Molecular Genetics and Metabolism Reports 7 (2016) 77
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Correspondence Double trouble progressive external ophthalmoplegia and Huntington's disease Keywords: Mitochondrial DNA Huntingtin CAG-repeat expansion Multisystem Trinucleotide expansion disorder tRNA
With interest we read the article by Filosto et al. about a 70 yo female with the double trouble chronic progressive external ophthalmoplegia(CPEO) due to the point mutation m.5613TN C in the tRNA(Ala) gene and Huntington's disease(HD) due to a CAG-repeat expansion of 38 in the huntingtin gene . We have the following comments and concerns. We do not agree with the description of the presented phenotype as CPEO. The patient obviously had multisystem disease manifesting as cognitive impairment, chorea, cerebellar atrophy resulting in dysarthria, dysphagia, and gait disturbance, hypoacusis, neuropathy, and myopathy . Which of these manifestations are attributable to CPEO and which to HD is difﬁcult to decide since the tRNA mutation was described as novel and since all typical clinical manifestations of HD have been also described in MIDs. Chorea for example has been described in MELAS , cerebellar atrophy in ponto-cerebellar hypoplasia , and cortical atrophy in Leigh-syndrome . Additionally, CPEO due to mtDNA point mutations has been previously reported to manifest as multisystem disease affecting the cerebrum (callosal agenesis, neuropsychological deﬁcits, head tremor, myoclonus) [5,6,7], ears (hypoacusis) , eyes (retinopathy) , endocrine system (hypogonadism) , and the skeletal muscle (myopathy). Arguments against a manifesting HD are that CAG-repeat expansions of 38 may or may not manifest with prominent HD features, that onset of HD is usually before age 64 y in the thirties or forties, and that MIDs have been reported which mimic HD. Overall, this interesting case should be re-classiﬁed as either CPEO plus or as non-syndromic multisystem MID (mitochondrial multiorgan disorder syndrome (MIMODS)). We also should be informed about investigations of endocrine organs, the gastrointestinal tract, the kidneys, the peripheral nerves, the bones, and the skin to see if there is more extensive subclinical multiorgan involvement. This includes long-term ECG recordings since ventricular arrhythmias may go undetected but nonetheless require appropriate drug or device therapy.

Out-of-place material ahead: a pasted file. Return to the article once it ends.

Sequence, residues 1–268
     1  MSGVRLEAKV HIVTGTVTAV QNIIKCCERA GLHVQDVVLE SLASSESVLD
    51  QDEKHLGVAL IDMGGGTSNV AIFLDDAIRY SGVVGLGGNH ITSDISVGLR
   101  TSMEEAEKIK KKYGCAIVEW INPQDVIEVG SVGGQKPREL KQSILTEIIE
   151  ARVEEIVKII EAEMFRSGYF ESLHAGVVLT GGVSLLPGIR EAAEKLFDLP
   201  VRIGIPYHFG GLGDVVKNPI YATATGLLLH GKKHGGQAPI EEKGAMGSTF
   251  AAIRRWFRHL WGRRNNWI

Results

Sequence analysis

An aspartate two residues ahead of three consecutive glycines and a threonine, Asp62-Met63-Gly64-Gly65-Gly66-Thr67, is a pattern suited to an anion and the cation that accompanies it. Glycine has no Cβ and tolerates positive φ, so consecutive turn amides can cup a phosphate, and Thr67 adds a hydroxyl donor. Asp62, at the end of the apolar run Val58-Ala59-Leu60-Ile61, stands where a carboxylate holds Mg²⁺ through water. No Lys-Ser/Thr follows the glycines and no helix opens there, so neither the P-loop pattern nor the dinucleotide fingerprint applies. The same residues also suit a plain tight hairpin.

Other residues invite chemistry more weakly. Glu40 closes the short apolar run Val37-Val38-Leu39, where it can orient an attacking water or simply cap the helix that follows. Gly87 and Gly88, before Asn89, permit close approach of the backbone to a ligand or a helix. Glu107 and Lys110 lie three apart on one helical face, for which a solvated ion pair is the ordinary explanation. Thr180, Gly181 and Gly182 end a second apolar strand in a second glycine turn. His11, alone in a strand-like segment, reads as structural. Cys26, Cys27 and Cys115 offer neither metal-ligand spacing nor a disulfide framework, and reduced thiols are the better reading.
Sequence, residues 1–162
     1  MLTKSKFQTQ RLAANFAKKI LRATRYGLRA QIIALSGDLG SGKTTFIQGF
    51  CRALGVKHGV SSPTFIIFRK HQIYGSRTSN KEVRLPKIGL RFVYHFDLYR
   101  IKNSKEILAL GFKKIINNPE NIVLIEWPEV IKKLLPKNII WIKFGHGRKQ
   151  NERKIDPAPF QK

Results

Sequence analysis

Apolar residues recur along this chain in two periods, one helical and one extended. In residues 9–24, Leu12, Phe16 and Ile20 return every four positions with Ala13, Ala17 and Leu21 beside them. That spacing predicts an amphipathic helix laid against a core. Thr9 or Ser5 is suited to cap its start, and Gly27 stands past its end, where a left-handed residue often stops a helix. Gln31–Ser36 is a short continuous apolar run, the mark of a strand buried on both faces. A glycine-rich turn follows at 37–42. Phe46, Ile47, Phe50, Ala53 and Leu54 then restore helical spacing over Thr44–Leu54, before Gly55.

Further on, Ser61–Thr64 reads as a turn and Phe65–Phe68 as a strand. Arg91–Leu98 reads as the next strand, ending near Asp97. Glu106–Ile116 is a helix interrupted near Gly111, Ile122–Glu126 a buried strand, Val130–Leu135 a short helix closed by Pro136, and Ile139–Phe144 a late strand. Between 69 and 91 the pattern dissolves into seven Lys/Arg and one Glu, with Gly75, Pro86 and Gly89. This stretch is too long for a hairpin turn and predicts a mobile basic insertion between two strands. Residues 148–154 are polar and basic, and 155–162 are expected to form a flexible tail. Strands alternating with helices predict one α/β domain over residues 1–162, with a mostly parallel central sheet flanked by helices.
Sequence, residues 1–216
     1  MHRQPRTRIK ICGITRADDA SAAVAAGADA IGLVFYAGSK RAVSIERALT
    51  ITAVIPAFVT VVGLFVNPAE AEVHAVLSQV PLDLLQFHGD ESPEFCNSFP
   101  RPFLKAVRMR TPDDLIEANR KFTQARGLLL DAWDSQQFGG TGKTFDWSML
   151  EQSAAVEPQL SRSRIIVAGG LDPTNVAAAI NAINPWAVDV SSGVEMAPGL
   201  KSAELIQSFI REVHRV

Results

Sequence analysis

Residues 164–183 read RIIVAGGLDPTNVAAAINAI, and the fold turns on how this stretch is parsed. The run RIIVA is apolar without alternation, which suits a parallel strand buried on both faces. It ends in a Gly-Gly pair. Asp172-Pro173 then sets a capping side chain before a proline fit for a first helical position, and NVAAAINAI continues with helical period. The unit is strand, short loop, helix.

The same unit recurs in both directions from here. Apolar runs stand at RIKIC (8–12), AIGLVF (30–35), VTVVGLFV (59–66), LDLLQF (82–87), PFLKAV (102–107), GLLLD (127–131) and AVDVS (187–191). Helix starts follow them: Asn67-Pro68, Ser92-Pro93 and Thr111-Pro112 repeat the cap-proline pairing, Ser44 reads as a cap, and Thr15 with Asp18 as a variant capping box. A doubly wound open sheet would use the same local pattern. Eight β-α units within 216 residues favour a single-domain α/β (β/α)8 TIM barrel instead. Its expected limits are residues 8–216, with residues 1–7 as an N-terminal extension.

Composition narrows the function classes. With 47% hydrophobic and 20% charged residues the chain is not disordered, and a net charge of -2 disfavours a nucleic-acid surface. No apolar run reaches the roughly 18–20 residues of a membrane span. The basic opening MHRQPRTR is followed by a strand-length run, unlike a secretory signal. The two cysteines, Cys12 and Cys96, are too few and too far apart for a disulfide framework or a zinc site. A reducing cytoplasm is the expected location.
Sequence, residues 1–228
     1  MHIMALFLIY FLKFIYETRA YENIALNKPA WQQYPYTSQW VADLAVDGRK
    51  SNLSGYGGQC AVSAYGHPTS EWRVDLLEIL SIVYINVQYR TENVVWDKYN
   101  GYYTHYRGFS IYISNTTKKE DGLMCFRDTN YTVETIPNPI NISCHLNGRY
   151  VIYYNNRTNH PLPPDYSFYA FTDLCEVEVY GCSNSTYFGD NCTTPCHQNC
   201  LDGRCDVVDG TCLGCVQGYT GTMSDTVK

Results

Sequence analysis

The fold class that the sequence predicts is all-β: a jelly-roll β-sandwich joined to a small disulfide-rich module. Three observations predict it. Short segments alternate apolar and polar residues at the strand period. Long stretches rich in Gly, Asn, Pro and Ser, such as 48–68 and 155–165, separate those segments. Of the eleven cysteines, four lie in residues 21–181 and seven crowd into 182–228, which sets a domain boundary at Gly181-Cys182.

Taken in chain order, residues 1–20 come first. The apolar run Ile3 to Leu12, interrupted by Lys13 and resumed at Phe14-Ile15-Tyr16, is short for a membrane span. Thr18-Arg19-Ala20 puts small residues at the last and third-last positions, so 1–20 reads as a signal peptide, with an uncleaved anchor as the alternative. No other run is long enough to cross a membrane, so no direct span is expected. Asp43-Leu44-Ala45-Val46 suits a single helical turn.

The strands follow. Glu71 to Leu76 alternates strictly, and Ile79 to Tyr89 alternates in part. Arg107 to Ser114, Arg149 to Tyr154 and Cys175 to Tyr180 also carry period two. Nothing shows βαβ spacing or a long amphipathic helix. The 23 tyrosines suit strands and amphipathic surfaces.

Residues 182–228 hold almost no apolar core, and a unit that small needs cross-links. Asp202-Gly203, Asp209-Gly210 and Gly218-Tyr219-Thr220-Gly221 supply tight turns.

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Josef Finsterer Krankenanstalt Rudolfstiftung, Vienna Corresponding author at: Postfach 20, 1180 Vienna, Austria. E-mail address: ﬁﬁ[email protected]
Sinda Zarrouk-Mahjoub Genomics Platform, Pasteur Institute of Tunis, Tunisia 8 April 2016
http://dx.doi.org/10.1016/j.ymgmr.2016.04.004 2214-4269/© 2016 The Authors. Published by Elsevier Inc. This is an open access article under the CC BY-NC-ND license (http://creativecommons.org/licenses/by-nc-nd/4.0/).